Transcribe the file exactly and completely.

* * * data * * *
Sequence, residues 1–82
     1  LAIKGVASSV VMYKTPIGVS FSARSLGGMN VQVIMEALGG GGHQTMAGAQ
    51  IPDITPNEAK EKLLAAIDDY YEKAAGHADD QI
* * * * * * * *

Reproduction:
Sequence, residues 1–82
     1  LAIKGVASSV VMYKTPIGVS FSARSLGGMN VQVIMEALGG GGHQTMAGAQ
    51  IPDITPNEAK EKLLAAIDDY YEKAAGHADD QI